Campaigning all day – and then suddenly – whilst stuffing envelopes with Neil and Monica I remember that I have to do a live radio show. Luckily, I remembered with a half hour to spare. This was for a station in the Midlands and on the revelation through my Parliamentary Question that 24% of citizens who have a DNA profile on the national DNA database (NDNAD) are from ethnic minority communities. This compares with 8% black and ethnic minority members in the general population.
I have come to two conclusions. Firstly – the police are clearly arresting a disproportionate amount of innocent black men. I believe that this is because wherever discretionary powers are used – those powers are used disproportionately. This means that all the work we have all been doing, including the police themselves, to eradicate disproportionality is clearly not working.
I often think whilst a proportion of this – hopefully quite small – is actual racism that the vast majority of it is conditioning. But policing should be about intelligence and evidence – and the challenge has to be to become so professional in carrying out duties that there is no way of telling what an officer is thinking on a personal basis. So – back to the drawing board on how to reduce the conditioning or counter it – so that disproportionality is diminished.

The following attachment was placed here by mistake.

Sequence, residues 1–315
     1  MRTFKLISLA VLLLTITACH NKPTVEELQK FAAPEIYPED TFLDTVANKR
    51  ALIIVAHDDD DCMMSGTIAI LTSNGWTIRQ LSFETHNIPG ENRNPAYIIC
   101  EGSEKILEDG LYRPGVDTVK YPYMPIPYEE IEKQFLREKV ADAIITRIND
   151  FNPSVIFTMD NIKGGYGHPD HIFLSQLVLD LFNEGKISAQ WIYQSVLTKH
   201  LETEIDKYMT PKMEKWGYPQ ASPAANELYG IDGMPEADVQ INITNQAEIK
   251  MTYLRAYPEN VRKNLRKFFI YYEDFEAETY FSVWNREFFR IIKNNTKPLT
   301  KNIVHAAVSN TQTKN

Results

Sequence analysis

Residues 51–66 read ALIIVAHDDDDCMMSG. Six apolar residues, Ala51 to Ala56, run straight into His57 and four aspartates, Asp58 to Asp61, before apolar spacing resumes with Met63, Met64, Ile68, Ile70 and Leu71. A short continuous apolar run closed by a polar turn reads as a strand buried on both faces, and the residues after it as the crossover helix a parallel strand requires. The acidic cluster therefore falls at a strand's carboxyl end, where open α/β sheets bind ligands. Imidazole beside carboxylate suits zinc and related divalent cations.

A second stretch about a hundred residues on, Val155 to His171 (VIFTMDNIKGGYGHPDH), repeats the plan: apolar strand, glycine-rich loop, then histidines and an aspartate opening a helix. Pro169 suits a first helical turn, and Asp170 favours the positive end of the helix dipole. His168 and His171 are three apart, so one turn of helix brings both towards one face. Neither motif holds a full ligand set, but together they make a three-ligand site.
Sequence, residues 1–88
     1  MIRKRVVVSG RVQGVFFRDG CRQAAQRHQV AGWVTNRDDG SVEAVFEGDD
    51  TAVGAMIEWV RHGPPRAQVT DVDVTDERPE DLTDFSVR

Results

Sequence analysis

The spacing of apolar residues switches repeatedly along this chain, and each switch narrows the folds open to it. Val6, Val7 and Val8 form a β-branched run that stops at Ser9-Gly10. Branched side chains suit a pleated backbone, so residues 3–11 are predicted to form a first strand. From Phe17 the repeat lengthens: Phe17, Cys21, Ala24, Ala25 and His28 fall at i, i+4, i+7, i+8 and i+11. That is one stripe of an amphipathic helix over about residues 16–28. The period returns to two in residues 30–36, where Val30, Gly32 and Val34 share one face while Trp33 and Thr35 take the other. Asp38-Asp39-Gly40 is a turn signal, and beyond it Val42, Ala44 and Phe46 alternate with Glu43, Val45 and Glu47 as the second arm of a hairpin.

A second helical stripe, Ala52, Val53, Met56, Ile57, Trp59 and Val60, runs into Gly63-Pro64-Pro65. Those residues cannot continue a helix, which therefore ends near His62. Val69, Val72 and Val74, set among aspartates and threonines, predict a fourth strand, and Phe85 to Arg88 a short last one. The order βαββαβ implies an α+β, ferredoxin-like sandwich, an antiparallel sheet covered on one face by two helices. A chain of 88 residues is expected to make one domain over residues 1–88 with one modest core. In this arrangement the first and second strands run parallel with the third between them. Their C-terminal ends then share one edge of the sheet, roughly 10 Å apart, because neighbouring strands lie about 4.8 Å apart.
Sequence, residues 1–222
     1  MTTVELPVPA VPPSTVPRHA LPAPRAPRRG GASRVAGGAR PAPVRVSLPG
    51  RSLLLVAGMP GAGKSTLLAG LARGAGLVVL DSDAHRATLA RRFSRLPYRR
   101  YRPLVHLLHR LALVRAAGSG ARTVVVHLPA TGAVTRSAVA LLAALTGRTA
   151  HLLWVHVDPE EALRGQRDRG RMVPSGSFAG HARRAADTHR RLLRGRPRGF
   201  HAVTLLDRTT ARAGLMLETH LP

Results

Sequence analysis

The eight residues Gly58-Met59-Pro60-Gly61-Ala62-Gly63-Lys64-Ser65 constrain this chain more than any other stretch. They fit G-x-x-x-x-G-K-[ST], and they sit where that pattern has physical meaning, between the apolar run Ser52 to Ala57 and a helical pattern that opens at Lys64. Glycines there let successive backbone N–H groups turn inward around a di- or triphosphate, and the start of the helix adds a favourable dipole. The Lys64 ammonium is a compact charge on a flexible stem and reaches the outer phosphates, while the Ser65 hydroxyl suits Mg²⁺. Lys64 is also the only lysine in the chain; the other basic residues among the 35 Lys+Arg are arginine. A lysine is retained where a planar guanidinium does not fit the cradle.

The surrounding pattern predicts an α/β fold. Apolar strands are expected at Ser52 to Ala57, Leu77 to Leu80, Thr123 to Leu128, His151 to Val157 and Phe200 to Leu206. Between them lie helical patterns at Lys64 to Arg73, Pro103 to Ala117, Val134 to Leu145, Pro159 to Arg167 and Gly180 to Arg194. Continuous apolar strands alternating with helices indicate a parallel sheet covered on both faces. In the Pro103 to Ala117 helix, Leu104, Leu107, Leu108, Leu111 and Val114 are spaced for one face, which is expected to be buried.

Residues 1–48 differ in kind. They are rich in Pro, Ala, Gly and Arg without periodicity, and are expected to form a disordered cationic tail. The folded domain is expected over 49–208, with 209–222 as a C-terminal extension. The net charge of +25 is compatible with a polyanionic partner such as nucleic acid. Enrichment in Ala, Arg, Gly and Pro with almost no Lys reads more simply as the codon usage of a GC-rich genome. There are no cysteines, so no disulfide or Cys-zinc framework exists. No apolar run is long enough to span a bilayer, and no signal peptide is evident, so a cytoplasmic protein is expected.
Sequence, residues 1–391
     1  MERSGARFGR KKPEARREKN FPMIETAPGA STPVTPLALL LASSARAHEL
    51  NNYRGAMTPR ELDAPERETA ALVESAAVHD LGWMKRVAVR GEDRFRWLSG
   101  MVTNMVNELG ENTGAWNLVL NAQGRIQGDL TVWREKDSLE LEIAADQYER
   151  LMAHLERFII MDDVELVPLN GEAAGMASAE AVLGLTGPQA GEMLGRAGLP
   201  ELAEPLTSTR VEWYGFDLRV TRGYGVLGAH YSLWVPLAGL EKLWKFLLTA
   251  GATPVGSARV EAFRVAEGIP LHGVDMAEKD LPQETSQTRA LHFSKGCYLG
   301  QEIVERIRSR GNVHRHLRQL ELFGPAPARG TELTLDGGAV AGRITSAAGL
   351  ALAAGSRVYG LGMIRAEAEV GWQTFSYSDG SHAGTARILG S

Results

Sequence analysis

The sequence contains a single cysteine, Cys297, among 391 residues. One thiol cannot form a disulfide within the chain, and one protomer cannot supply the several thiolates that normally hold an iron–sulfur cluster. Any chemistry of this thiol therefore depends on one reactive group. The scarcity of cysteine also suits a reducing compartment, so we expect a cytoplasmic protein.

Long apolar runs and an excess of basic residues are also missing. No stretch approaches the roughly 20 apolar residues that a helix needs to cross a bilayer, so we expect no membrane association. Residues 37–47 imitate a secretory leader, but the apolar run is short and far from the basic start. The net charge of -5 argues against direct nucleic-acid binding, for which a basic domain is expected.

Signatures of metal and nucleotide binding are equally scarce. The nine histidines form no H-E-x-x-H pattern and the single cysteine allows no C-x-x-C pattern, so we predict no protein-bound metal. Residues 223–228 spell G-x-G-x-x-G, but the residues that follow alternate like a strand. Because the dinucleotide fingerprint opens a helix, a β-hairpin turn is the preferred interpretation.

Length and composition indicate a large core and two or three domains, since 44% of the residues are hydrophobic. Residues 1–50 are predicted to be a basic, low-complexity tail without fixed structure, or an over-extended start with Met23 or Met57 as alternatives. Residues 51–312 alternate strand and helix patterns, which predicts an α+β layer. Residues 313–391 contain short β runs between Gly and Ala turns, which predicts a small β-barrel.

The second conclusion I have come to is that until disproportionalilty in policing is conquered – that this database has unintended consequences. I don’t think, that whilst the new powers to take DNA from those arrested was taken through Parliament that the outcomes had been thought through. It is unquestionable that DNA has moved forward the technological ability to detect crime. So – I have come to accept that a database of those charged and convicted or those cautioned is legitimate. I have also come to believe that checking DNA taken from those arrested and checked against cold cases is legitimate and valuable. Many murders and rapes have been solved that way. However, if DNA that is taken is kept on those who are not charged, cautioned or matched against cold cases – therefore innocent – there can be no reason to keep those DNA records and they should be destroyed.
I think this needs to come back to Parliament for debate. On Thursday in a debate about Forensic Science Services (too long to go into here) I made the same point. Andy Burnham wouldn’t let me come back on the issue of bringing it to the floor of the Commons as he seemed to think that the original debate was enough. I disagree profoundly with him. And for both reasons – the principle of innocent until found guilty which is subverted by the retention of the DNA of the innocent and for the reasons that the database itself is biased towards collection of black and ethnic minority DNA – this issue must come back to the chamber.